A Lexus without wood is like Dolly Parton without tits. The music of the experience takes your breath away and yet… you just feel something is missing. Is it the smile? The wig? When I looked at the press release clippings of the Lexus CT200h, I had trouble with the entire car. You want a sporty hybrid with the acceleration of a 15-year-old Camry to compete with the Audi A3 and BMW 1-Series? I know Toyota wants to build more hybrids. But as the owner of two hybrids, I thought this car would represent a Cimmaron moment for hybrids and the Lexus brand. Then I saw it in person. Perception and reality battled it out, and this is what I found.
When an enthusiast looks at the exterior of the CT200h, one word comes to mind: Scion. This car has the design of an expensive, sporty Scion with absolutely none of the ostentation and presence of a traditional Lexus. There is a bit of chrome on the grille, the usual circular L logo, and an awful lot of LED’s on the tail. It does have a presence about it… but it’s more of a youthful vehicle than anything Toyota has ever released under the Lexus brand.
Once you view the CT in person from all angles, it has a flow to its design. Photographing the car from one angle after another makes it look like a discombobulated mass: IS front end, RX rear end, generic bulbous Scion in the middle. In the flesh everything comes into focus and the car looks ten times better.
When you open the door another word quickly leaps to mind: ‘tight’. This is the tightest vehicle I have experienced since the RX-8. Everything is close at hand and to your knee. In fact, I felt even more coddled and claustro in this car than in my first generation Honda Insight. I bumped my head on the roof-mounted grab handle just looking to make a turn and my six-foot-plus AARP-eligible co-rider decided to stick to the passenger seat for much of the ride due in great part to the lack of space.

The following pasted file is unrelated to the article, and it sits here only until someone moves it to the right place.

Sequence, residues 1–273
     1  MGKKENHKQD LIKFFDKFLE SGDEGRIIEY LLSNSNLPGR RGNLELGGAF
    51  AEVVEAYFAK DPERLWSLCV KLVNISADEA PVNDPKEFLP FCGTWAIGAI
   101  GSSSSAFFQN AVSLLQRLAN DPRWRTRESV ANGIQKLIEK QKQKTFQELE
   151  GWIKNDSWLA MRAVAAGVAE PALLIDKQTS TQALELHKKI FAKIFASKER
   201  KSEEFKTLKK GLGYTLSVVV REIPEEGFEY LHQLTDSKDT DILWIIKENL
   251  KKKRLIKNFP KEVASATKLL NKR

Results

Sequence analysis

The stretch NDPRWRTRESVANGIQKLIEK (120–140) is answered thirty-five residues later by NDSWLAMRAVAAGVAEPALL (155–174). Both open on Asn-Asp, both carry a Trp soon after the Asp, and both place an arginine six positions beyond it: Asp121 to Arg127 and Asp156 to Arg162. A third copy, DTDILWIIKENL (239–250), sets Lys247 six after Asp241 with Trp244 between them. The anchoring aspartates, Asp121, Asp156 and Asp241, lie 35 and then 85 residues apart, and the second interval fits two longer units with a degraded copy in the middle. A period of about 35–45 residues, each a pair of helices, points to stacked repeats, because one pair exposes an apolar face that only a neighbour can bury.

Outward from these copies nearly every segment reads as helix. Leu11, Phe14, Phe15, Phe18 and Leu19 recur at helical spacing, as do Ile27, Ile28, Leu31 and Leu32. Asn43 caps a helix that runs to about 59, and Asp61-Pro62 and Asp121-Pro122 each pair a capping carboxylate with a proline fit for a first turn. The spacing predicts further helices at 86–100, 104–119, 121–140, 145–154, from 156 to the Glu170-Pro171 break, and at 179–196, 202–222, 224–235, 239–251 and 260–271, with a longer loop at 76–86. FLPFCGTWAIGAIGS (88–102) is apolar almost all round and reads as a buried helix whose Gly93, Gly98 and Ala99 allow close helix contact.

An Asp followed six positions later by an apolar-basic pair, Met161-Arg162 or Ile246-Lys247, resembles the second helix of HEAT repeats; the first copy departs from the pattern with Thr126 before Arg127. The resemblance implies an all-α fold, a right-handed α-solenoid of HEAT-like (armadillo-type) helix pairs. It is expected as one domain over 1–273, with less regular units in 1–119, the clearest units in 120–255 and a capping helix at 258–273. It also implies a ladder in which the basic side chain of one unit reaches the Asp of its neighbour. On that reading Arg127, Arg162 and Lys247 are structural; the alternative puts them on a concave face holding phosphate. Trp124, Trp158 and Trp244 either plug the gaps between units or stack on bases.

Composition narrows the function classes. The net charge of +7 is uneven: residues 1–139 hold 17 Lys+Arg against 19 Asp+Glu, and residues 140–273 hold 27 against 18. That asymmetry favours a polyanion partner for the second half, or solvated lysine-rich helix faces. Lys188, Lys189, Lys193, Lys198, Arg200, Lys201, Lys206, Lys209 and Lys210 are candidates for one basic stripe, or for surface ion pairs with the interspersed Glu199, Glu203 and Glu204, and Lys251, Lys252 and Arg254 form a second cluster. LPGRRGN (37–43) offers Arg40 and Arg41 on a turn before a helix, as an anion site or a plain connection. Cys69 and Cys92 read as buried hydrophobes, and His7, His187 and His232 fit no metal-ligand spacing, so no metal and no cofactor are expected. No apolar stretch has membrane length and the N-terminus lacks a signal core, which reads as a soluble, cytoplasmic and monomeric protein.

As an enthusiast, I love the CT’s sports car-like driving position. But folks who battle traffic instead of winding country roads will come to despise it. Outstretched arms and tight quarters in a car that feels small grows old quickly. But at least we have acceleration and handling right?
Well, acceleration is marginal at best, with sixty arriving in the mid-9’s, and and the chassis is taut to the extreme. You feel every one of the road’s imperfections. Changing the settings to ‘comfort’ didn’t make much of a difference. Toyota believes that folks in their 30s and 40s want a hard-riding sports hybrid. If that’s the case so be it. I love my 2001 Insight but it will take a special type of customer to accept this car’s ride and class-trailing speed.
Those in temperate climates with smooth roads will welcome the CT’s fierce grip. On the road, the hatchback feels planted in a way few touring cars can emulate. Thanks to a low center of gravity and the sturctural rigidity of a lead pipe, this Lexus evokes a sports car experience that few four-door competitors can match at the $30k price level. Hybrid or not, the CT makes you experience the drive.